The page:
With the induction of ‘Pak military-militant combine, the negotiating skills of pirates have exponentially improved, going by field reports. Till then, there was no set pattern or bench marks for ransom; it all depended on the negotiating skills of the parties concerned. The Somali pirates are not that highly educated and sophisticated; their approach had been to make a quick buck and ‘disappear’ into darkness. Not for them protracted negotiations are of any interest, the website points out.
The new ‘breed’ of Somali coast pirates have improved their techniques, upgraded their equipment and honed up negotiation skills. They are game for prolonged negotiations which attract media attention and thus place the ship owners and their governments under tremendous pressure to end the ordeal of the ‘hostages’.
Easy money syndrome appears to be luring more Pakistanis, who are accustomed to ‘high risk’ life style.
The year 2009 saw a phenomenal upswing in number of ships hijacked off Somalian coast. A total of 43 ships were hijacked; as many as eight of them were flying Panamanian flag, followed by three each with the flags of Bahama, Male and Antigua. Two carriers were with the Chinese flag and one of Hong Kong. Negotiations for their ‘release’ averaged from one day to 304-days.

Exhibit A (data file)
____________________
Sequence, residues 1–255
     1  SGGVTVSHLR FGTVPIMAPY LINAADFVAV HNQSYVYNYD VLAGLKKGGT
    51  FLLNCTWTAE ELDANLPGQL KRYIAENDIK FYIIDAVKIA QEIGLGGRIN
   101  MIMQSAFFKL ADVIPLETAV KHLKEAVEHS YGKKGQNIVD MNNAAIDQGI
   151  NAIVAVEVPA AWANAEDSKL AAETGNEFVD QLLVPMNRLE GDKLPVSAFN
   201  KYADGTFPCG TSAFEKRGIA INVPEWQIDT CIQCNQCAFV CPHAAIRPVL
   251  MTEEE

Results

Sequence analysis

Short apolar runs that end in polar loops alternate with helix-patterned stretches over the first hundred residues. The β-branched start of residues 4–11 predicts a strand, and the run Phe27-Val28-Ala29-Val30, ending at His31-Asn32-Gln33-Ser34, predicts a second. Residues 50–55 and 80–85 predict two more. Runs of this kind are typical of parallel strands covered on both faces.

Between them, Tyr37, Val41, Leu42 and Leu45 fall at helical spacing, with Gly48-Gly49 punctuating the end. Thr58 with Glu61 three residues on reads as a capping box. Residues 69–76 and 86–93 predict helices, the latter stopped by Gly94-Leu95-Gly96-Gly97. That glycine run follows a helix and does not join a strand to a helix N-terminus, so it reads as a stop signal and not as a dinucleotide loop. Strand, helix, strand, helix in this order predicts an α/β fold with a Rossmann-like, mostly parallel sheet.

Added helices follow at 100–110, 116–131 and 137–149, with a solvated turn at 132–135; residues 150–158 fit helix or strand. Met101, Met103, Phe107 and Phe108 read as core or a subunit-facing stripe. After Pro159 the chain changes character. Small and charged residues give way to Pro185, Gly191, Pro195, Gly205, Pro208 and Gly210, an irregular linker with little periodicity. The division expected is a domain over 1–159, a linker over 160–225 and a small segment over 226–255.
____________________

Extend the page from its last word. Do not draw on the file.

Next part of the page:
While one of the container ships, flying American flag, freed itself after being seized on April 8, 2009, a French cargo ship was rescued by French Navy after a swift and surprise attack in the sea off Somalia.
The emerging security scene off Somalia coast with nexus between pirates, militants and trained Pakistan army men is of considerable concern to India which depends on energy imports. It is not possible to provide a ‘fool proof’ security on high seas even without the Pakistani angle to piracy.
India is in a unique position to take the initiative to checkmate the ‘sea villains’. As of now, ships of many countries are deployed off the Somali coast on anti-piracy operations but all of them work in isolation notwithstanding joint discussions. Mutual suspicion is what hinders coordination.
A command structure will bridge the gulf of suspicion and pave the way for coordinated drive against pirates. East African countries which are friendly with India, have invited deployment of Indian ships closer to their coast to thwart piracy. India has been positively responding to calls of African countries and also South-east Asian countries to police the sea lanes.
It is not clear whether the Indian leadership is fully ‘ready’ to lead the ‘command’. Also unclear is whether India can deploy enough funds and ships to make an effective contribution. There are occasions when New Delhi dithered in taking timely action and thus gifted precious lead time to the pirates. Whenever India acted decisively, results were quite encouraging.
So, an Indian initiative for a maritime conference on anti-piracy operations will be in order. The effort should be to work out a road-map for command structure and to put in place a legal framework for putting on trial the pirates caught in action. Also welcome will be a capability to pursue pirates into their own harbors and defeat them like the French did, Policy Research Group (Poreg) notes in its analysis.